Osaka’s ‘Shyo Ryu Ken’ Ramen Bar Would Suit A Spot On Venables St.

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Restaurant Porn is a regular column of daydreams presented as a means to introduce Vancouver diners and designers to concepts, looks, and fully-formed ideas that they might draw an inkling of inspiration from. We do our best to pair the foreign rooms with local addresses so as to let everyone in on the daydream.

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(via) One of Vancouver’s core assets as a food city is its high number of Japanese eateries. Our sushi game runs the spectrum from cheap to high end, and our izakayas are appropriately off the hook. We also do ramen like it’s nobody’s business, probably better than any other city in North America. But that doesn’t mean there isn’t room for improvement, especially with design. A place might have the broth dialled and the noodles just right, but does it make you want to hang around? Probably not. Style and comfort have never been the hallmarks of a ramen joint. It’s usually a purely transactional experience. You get in, you slurp, maybe go big with a kaedama knot of extra noodles, perhaps knock back a beer, and then you get the fuck out. You seldom look around and say, “Oooh, pretty…”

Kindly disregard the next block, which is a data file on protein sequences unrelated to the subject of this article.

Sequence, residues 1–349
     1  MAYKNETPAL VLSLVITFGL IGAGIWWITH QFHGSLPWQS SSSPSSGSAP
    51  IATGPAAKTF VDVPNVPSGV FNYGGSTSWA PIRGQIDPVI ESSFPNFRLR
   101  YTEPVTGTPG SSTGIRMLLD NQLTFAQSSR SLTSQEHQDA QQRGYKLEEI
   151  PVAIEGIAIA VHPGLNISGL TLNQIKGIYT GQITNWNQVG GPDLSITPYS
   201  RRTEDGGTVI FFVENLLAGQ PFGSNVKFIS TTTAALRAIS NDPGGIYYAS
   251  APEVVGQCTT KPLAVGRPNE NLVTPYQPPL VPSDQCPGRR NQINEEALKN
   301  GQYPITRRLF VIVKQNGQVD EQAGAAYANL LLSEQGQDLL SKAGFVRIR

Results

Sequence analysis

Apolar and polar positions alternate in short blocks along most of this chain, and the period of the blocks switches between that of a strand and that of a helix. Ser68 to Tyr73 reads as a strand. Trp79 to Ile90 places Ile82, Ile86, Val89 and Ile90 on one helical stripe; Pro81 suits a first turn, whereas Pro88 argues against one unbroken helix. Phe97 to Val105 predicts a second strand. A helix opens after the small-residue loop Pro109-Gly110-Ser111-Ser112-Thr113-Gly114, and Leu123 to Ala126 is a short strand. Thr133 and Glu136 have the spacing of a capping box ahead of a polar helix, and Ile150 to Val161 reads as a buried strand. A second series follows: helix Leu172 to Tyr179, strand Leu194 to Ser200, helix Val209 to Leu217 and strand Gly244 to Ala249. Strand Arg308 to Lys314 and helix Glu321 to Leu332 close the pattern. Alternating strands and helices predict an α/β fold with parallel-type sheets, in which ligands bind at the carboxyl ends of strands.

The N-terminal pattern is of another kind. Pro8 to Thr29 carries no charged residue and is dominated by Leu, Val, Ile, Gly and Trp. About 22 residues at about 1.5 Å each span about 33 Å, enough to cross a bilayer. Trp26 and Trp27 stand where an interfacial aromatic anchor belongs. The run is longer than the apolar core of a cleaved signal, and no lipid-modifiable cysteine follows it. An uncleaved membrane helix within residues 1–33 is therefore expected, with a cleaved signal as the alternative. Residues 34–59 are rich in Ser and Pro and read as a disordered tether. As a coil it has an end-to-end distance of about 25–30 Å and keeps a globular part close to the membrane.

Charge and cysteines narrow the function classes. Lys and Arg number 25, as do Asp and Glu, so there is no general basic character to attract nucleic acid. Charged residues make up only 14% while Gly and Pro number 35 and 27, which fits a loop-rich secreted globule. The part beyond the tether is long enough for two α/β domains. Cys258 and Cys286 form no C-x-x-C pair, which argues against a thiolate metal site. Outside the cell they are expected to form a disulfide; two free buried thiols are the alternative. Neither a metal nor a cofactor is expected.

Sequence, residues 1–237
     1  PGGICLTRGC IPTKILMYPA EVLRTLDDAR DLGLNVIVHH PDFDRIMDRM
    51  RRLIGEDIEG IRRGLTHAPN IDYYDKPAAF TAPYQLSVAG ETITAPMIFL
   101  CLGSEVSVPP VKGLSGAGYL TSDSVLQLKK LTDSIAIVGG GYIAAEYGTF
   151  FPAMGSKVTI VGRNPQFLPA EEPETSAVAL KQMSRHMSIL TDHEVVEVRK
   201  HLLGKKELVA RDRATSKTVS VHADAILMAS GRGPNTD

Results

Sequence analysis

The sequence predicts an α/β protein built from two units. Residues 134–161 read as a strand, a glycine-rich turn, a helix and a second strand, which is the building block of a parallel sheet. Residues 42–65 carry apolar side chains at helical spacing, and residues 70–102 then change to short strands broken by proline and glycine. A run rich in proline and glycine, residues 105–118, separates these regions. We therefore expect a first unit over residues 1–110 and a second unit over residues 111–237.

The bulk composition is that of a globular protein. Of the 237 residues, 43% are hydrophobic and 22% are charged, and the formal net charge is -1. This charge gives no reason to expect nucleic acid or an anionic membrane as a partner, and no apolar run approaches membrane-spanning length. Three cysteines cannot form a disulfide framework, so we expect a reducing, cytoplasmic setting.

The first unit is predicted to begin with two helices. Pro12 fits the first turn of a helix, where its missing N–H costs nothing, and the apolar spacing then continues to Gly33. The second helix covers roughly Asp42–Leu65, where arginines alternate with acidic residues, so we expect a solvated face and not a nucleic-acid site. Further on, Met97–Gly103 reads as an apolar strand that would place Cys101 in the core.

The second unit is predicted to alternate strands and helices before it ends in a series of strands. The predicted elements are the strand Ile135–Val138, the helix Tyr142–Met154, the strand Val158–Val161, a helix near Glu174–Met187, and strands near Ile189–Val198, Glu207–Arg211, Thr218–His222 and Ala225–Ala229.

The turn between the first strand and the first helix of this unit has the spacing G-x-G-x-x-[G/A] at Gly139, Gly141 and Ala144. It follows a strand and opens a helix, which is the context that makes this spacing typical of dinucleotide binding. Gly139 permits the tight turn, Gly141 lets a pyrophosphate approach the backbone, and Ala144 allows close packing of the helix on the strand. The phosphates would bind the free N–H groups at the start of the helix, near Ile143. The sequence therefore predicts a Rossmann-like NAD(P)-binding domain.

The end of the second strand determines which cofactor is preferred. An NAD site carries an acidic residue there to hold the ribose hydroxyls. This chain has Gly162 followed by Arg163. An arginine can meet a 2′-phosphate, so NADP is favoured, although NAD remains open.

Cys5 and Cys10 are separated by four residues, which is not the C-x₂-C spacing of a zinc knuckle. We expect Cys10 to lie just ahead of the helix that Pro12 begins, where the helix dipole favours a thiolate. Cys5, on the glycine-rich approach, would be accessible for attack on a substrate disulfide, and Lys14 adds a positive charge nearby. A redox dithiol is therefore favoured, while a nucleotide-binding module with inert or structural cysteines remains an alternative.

It looks to be very different at Shyo Ryu Ken. Located in Osaka’s busy, white collar district of Kyobashi, the look of the 2,000 sqft ramen restaurant – all plywood, plaster, steel and glass – was inspired by the pointed Nagaya roofs (Japanese tenement housing) and is split into two zones: a row of semi-private, house-like booths and a long dining bar that faces the action of the kitchen. When it’s at its most raucous, it’s meant to resemble a bustling Nagaya street scene. We’d take a version of it in Vancouver somewhere away from the ramen-dominated Robson/Denman nexus. We’re thinking on the north side of Venables between Clark and Commercial Drive.

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Photograph by Hirokazu Matsuoka

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